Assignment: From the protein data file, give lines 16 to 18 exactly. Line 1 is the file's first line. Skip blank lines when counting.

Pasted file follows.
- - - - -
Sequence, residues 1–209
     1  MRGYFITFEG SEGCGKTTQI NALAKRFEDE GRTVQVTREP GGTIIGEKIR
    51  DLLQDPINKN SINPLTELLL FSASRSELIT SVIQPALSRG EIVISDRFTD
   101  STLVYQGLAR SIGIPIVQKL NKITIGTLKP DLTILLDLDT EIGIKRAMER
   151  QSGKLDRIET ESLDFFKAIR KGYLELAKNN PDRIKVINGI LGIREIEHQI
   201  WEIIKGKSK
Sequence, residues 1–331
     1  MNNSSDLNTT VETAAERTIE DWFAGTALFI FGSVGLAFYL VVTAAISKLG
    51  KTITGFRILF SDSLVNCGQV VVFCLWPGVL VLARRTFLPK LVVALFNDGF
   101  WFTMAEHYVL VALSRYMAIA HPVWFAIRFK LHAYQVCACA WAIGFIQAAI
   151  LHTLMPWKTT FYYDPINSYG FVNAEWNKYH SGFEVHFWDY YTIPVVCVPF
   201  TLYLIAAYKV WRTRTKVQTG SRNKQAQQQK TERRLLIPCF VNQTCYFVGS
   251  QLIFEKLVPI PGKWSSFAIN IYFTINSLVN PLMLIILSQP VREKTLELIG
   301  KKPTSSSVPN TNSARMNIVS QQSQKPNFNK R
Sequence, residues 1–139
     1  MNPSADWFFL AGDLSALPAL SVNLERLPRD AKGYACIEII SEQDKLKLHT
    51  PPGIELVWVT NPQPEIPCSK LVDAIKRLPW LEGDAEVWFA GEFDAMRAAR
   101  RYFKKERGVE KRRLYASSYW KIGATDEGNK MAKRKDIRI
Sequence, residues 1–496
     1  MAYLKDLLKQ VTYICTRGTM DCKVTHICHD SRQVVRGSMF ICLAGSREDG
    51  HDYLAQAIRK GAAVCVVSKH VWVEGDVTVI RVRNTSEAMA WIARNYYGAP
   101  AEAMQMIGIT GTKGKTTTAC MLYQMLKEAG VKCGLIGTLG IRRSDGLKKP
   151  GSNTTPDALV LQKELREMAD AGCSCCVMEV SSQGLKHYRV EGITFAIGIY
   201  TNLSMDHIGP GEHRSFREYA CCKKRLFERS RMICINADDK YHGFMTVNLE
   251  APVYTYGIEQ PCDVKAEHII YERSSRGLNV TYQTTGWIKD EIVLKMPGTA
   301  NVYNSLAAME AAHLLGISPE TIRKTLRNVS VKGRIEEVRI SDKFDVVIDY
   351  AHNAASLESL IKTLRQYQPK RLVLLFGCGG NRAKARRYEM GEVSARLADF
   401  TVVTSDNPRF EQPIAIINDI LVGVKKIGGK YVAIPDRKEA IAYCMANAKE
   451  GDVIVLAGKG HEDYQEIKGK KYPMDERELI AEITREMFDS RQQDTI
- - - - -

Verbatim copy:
     1  MNPSADWFFL AGDLSALPAL SVNLERLPRD AKGYACIEII SEQDKLKLHT
    51  PPGIELVWVT NPQPEIPCSK LVDAIKRLPW LEGDAEVWFA GEFDAMRAAR
   101  RYFKKERGVE KRRLYASSYW KIGATDEGNK MAKRKDIRI